EK keeps speaking about greater money for artists and equitable distribution for years now,and it keeps not arriving and it never, ever will, based on their model, which they won’t do anything about since it makes THEM a fortune.

    IMO.
    Absolutely. Talk is cheap: Spotify is cheaper.

  17. #17
    Quote Originally Posted by Rarebird View Post
    Hardly. I think that started with illegal downloading.
    I agree.
    Quote Originally Posted by Rarebird View Post
    Spotify at least enabled artists to earn some money, from an audience that didn't buy records or CD's.
    Well, if you saw how much some surprisingly name artists, for example, in the jazz world are "making" from Spotify, you'd realize "earn some money" is a very significant exaggeration (I'm talking about quarterly royalty checks of less than $1).
    Quote Originally Posted by Rarebird View Post
    Music industry is changing
    That it is.
    Quote Originally Posted by Rarebird View Post
    First artist worked for the church, or nobleman, who paid them.
    Later artists tried to earn their money by selling sheet-music and performing as independent people
    Then records came in the equation, either to make some extra bucks, or to bring the artist to the attention of the audience
    Later on, concerts became a way to promote records, with the money being earned by the recordsales and not by concerts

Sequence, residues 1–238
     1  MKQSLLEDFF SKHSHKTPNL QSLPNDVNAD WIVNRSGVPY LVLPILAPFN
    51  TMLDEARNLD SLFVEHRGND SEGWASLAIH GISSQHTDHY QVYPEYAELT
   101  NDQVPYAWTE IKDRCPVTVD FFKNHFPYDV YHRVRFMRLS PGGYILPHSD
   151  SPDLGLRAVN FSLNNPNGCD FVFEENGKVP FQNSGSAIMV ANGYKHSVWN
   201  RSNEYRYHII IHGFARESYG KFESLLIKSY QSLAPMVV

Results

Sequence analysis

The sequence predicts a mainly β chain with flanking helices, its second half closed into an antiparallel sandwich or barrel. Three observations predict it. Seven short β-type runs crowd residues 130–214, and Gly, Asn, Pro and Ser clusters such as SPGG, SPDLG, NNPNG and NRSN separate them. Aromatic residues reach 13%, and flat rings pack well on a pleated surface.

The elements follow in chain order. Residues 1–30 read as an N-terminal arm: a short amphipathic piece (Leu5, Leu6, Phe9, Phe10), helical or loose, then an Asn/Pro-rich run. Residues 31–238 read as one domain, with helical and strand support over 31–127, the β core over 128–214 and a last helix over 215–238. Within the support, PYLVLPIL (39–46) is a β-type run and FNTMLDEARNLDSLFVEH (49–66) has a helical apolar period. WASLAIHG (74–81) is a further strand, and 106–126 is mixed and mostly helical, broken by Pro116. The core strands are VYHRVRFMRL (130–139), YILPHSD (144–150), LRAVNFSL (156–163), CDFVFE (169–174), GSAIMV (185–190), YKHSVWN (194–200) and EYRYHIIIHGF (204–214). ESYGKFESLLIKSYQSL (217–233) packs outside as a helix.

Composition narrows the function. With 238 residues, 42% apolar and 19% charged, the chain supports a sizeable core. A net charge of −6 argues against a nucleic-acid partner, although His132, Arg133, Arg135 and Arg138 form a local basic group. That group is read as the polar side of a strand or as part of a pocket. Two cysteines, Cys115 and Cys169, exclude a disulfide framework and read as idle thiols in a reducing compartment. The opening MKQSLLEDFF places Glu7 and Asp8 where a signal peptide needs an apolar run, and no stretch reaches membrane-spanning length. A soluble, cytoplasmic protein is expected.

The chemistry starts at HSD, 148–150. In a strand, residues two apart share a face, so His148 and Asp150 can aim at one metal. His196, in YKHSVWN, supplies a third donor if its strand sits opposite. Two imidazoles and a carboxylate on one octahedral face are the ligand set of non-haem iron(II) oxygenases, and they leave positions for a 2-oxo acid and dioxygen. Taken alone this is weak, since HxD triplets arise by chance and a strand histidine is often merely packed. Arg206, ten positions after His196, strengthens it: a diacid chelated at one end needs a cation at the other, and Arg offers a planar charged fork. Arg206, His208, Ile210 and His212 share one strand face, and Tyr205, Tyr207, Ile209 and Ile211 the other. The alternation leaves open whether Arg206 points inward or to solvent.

Now concerts are the way artists have to earn their money, while recordings in every way are mainly ment to promote concerts (live-recordings serving as a kind of memory of the concert)
    This is all true....the only argument being that, for the vast majority of musicians, they're not making much money, if any, from live performance...for most artists, the operative phrase is: pay to play.

    It's one of the reasons I stopped gigging. Now, with CFS, gigging is out of the question as I'd be flattened by the time I'd set up, let along play two or three sets and then having to tear down, as the days of getting multiple nights in a club or, even, multiple nights over multiple weeks (as happened with me back in the '90s, where we got a house gig at a club for four months! Play four nights a week, as we did, for four months, and you can't help but get better as a player and as a band).